Our Superb Fairy wren couple are nesting, we more commonly know them as Blue wrens in our area though. Our particular group consists of two fully coloured males and a group of females and juvenile males that hang around. One of the females has built herself a lovely little nest in the clump of sedges in the yard and laid a few eggs. We hope to be able to take photos of the whole process from hatching to fledging.
Blue wrens eat insects, a lot of insects. They are constantly hunting through the grass and shrubs for flies and bugs, I am sure they keep our insect numbers in check. They also provide a lovely little pop of colour to the day hopping through the grass on the lawn, but I think my favourite thing to watch is when the males bring a female a bunch of ‘flowers’; they will pick a sprout of something that has a red tinge (if possible), they love beetroot sprouts, and take it in their beaks to shyly offer it to a chosen female. If she takes it, she is receptive to his advances, if she doesn’t take it, he will often take the flowers home to his mate (waste not, want not). They are not the most faithful bird in the world, but they are delightful.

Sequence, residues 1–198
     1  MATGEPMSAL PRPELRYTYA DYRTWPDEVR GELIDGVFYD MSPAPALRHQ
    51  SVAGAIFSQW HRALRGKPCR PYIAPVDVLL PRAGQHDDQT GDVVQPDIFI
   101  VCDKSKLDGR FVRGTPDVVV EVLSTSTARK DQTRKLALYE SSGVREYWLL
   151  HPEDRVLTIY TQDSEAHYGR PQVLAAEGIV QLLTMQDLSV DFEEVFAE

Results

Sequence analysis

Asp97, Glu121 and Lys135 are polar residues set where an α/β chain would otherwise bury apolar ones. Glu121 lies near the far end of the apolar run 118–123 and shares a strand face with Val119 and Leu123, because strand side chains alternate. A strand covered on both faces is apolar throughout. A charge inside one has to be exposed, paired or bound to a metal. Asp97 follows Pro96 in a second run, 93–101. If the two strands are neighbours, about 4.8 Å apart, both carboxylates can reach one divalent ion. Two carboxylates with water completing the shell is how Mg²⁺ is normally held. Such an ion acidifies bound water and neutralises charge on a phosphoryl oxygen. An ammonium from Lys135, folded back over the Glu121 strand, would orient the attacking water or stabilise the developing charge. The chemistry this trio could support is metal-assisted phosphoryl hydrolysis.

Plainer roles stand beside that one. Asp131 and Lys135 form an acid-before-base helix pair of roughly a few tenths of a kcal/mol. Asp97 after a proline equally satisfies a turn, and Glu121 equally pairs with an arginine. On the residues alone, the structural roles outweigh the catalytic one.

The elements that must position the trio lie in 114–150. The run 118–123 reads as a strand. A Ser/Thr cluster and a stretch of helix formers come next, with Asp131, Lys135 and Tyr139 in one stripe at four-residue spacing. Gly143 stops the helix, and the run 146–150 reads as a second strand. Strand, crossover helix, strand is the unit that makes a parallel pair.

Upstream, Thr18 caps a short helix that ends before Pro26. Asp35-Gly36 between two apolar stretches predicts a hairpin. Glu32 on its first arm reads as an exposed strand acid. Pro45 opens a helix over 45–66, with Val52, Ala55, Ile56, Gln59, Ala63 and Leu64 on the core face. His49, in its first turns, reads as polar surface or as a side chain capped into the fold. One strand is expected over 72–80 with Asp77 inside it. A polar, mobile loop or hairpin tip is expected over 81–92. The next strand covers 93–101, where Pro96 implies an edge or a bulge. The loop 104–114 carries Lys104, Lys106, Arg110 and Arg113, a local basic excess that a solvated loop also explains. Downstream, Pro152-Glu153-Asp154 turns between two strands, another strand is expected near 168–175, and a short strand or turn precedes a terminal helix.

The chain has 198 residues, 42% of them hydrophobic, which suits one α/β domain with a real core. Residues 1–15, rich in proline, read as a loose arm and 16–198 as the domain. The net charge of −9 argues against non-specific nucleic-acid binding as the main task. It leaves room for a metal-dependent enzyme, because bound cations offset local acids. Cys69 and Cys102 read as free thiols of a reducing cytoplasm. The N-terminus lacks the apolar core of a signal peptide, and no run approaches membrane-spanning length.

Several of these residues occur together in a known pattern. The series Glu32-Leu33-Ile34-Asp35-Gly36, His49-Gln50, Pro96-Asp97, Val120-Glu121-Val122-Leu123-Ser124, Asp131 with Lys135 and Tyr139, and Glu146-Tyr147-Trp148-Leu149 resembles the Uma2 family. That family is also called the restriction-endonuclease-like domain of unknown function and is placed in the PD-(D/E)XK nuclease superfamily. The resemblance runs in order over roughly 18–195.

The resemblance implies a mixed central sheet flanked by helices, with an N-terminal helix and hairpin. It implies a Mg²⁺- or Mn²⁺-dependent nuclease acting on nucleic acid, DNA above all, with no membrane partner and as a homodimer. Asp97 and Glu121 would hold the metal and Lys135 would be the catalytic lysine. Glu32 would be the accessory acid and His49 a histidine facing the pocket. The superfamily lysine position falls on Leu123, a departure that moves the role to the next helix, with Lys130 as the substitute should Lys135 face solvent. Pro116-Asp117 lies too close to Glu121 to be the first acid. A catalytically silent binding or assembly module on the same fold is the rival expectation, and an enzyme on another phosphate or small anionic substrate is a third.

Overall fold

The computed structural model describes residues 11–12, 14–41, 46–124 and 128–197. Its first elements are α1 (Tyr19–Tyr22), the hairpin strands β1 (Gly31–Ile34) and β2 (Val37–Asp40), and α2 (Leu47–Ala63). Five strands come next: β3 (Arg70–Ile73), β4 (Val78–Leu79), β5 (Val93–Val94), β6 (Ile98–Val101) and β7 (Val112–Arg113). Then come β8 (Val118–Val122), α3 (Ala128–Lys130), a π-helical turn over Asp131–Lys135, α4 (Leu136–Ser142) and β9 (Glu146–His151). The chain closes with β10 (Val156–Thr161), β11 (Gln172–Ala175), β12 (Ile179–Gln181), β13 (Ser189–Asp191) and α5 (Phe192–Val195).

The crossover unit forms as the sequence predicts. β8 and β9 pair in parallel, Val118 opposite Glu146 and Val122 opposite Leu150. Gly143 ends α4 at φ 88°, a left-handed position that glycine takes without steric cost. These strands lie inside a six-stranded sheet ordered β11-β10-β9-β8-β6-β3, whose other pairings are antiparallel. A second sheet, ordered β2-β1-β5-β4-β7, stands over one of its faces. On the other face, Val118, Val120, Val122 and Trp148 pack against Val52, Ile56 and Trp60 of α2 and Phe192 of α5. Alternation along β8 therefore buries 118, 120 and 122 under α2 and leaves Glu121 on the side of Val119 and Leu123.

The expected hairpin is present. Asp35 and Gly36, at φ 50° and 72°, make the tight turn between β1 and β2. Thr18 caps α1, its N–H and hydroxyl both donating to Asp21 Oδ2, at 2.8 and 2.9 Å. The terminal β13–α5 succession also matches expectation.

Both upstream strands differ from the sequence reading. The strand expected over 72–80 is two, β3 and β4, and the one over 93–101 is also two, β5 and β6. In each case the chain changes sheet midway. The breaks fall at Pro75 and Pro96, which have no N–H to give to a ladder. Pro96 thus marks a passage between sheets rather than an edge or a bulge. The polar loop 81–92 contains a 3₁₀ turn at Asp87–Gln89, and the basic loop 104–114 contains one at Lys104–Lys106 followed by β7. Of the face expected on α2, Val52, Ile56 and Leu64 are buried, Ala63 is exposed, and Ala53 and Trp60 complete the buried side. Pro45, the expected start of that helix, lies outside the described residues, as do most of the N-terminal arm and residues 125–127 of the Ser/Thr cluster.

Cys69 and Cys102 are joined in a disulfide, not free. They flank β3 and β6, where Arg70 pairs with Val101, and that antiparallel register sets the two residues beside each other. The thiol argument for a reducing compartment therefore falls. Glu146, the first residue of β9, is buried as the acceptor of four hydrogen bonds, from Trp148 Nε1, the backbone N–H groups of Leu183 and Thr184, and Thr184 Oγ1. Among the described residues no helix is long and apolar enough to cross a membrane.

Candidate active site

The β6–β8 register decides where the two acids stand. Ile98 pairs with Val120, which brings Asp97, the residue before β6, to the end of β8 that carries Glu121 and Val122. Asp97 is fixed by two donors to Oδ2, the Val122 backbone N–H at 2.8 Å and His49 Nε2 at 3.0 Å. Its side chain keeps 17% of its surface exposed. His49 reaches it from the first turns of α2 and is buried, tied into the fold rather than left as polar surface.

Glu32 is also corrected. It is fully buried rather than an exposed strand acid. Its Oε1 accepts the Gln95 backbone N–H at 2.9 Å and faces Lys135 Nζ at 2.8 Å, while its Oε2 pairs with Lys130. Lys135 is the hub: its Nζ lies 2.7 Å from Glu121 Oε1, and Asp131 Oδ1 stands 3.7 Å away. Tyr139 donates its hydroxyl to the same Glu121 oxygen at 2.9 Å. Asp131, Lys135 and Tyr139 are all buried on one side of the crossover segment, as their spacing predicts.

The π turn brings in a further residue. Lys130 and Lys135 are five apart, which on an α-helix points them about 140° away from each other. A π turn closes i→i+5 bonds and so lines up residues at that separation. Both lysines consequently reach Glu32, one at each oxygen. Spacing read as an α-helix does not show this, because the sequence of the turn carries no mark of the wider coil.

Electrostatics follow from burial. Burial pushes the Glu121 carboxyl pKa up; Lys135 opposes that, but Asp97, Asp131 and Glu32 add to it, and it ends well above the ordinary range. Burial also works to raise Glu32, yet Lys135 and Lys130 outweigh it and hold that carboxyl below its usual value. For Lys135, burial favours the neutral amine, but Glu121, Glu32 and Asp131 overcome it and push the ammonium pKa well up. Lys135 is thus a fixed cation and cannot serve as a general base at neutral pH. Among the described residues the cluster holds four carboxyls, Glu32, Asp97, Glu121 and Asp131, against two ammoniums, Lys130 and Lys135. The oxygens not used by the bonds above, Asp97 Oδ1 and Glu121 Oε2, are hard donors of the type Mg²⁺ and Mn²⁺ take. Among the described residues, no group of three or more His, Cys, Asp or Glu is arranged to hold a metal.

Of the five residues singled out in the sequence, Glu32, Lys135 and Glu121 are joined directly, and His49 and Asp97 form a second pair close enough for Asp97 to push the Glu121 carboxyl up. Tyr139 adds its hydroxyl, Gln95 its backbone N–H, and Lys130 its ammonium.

Blue wren nests are built by the females and take the form of a grass woven clump lined with soft materials like feathers and wool. The female lays from three to six eggs in her nest after mating with her partner (and any other male that takes her fancy… secretly), then she sits on the clutch until they hatch leaving only to drink and eat briefly.
Once the eggs hatch, both parents feed the babies until they fledge.
Mother wrens will pretend to have a broken wing to try to draw you away from their nest if you approach when the babies are young. We try not to go near the nest at all while the parents are close because it really worries them and causes all sorts of panic, humans are such scary creatures after all.
We will try to get some more photos of babies growing over the coming weeks, if we can catch the nest unattended.